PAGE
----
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Bohemian Boot Camp

Being an artist in New York is no picnic. Creative Capital takes them upstate to teach them to survive.

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Illustration by Peter Arkle  

Performance artist Sheryl Oring’s current project involves dressing as a sixties secretary, sitting in front of a teal manual typewriter in public spaces across the country, and taking down 60th-birthday messages to President Bush from passersby. At 40 years old, sexy in a brainy Tina Feyish way, she’s the sort of artsy type that New York used to be uniquely hospitable to. But instead of la vie bohème, she toils as an archivist just to make the $1,500 rent on a railroad flat in Greenpoint (plus $315 for health insurance). She recently got into a relationship and panicked: How would she fit that in, too?

Two weeks ago, an arts foundation called Creative Capital held a six-day “boot camp” upstate at Colgate University for 86 of its grantees to help them figure out how to better run their art careers. Most of them hailed from Brooklyn. “Artists sometimes don’t like it when we compare ourselves to a venture-capital firm, but we try to invest in a long-term relationship with our grantees,” says Creative Capital president Ruby Lerner. Launched in 1999 to fill the gap left when the National Endowment for the Arts stopped funding individual artists, Creative Capital was recently given $10 million from the Warhol Foundation. It cuts grantees an initial $10,000 check for a project and then lets them apply over several years for up to $40,000 more. Past grantees include performer Lisa Kron (Five Lesbian Brothers), Sandi DuBowski (the documentary Trembling Before G-d), and Bill Morrison (the film Decasia). “They’re about helping us become entrepreneurs and addressing the fears we have about living hand-to-mouth,” said DuBowski.

Campers were urged to shed their self-­limiting anxieties and inhibitions. (Not to mention their Williamsburg attitude: “I try to run a post-cynical organization,” says Lerner.) Then came the “blue notebooks,” where grantees must abandon all bohemian laxity and rough out a five-year plan for their finances, art, and lives. For the ­expense-squeezed New York artists, the clearheaded, be-good-to-­yourself financial counseling unleashed a collective heave of relief. “The best advice I heard is that you have to budget for downtime,” said Fort Greene poet Christian Hawkey, 36. “It’s essential to your creative process, because when you’re working from paycheck to paycheck, you begin to feel like you’re trapped.”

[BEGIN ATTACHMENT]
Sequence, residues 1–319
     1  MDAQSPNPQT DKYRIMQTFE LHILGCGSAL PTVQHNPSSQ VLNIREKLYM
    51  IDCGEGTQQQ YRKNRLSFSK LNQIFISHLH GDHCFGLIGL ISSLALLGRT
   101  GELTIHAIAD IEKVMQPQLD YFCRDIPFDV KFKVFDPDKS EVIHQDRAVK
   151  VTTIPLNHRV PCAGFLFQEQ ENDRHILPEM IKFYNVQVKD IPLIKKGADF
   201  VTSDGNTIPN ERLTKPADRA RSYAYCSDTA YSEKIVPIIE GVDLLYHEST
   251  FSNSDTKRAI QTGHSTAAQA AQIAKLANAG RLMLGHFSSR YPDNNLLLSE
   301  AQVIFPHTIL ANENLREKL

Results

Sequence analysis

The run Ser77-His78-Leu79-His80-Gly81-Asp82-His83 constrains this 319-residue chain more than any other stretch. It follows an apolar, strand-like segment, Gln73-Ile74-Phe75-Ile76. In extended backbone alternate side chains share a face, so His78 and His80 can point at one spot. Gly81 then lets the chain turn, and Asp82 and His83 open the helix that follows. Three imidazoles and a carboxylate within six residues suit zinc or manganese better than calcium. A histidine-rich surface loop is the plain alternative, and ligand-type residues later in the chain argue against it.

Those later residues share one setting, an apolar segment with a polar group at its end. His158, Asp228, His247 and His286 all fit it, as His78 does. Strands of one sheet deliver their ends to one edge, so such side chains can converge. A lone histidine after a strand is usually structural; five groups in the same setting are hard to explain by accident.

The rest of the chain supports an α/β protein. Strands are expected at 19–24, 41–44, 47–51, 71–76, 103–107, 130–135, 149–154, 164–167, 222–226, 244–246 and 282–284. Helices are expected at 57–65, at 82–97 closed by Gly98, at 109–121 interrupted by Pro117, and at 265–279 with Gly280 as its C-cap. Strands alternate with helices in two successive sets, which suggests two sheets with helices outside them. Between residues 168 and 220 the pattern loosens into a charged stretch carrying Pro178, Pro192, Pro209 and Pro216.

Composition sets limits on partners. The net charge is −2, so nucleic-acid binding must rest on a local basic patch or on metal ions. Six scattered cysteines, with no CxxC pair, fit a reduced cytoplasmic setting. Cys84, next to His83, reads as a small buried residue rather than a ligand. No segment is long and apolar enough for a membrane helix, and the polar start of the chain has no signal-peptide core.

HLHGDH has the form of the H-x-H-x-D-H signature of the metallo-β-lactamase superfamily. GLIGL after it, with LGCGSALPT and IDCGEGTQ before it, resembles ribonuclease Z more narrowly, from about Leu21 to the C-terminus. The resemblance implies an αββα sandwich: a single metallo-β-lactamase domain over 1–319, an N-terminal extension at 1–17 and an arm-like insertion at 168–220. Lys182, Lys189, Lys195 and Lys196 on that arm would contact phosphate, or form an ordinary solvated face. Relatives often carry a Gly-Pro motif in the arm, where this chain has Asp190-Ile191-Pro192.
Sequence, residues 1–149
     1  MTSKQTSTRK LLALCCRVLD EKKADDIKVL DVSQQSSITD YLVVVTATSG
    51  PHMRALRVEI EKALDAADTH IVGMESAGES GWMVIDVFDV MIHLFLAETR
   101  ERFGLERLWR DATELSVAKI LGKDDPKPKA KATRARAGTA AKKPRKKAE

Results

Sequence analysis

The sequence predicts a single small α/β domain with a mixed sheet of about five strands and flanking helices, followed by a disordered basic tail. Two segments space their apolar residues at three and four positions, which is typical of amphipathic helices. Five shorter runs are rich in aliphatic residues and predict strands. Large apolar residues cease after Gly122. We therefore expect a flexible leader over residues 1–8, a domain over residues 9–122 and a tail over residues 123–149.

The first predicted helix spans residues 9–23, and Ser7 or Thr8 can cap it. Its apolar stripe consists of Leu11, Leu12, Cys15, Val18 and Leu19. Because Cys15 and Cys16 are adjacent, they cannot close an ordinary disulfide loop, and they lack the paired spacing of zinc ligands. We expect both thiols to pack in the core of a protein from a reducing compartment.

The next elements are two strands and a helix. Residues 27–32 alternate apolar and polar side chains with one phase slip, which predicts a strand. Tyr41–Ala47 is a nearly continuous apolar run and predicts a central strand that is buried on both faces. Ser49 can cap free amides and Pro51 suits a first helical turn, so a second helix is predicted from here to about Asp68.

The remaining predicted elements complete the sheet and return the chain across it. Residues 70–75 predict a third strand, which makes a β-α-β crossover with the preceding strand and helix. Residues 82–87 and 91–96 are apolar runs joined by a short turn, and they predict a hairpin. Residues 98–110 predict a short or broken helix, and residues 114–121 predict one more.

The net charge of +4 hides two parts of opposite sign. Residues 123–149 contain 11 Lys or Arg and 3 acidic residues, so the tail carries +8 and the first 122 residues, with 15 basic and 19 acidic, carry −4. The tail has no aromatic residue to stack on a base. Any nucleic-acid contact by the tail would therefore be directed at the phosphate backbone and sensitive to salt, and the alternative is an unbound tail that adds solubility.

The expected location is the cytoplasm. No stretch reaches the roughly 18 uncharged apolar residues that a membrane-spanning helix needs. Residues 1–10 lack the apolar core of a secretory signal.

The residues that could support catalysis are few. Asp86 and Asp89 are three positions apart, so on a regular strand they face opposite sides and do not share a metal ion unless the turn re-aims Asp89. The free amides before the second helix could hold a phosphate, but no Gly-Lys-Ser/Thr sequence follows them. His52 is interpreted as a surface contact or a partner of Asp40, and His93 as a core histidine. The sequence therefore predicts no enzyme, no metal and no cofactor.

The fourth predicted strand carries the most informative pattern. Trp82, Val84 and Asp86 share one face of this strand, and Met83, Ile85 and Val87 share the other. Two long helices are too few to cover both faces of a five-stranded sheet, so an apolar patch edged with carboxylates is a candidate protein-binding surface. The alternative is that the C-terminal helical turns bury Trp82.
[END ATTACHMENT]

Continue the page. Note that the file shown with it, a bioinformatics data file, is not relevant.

Mark Russell of the Public Theater lamented, “I’m afraid New York is becoming Paris, where there are plenty of people to see art but not enough people to make it. We’re going from a café culture to a tourist culture.”

Tellingly, the New York artists on hand were nearly overwhelmed by those who’d left here for kinder, gentler, cheaperburgs. Oring still mourns for the cavernous, dirt-cheap space she inhabited in Berlin for six years. “For mid-­career artists like me, Creative Capital can help make the difference between whether we keep making art or give up,” she said. She glanced around the room at her colleagues from the great beyond. Phoenix. Austin. Ohio. Even Buffalo. “They may not have the opportunities I do in New York,” she observed, “but they seem happy.”

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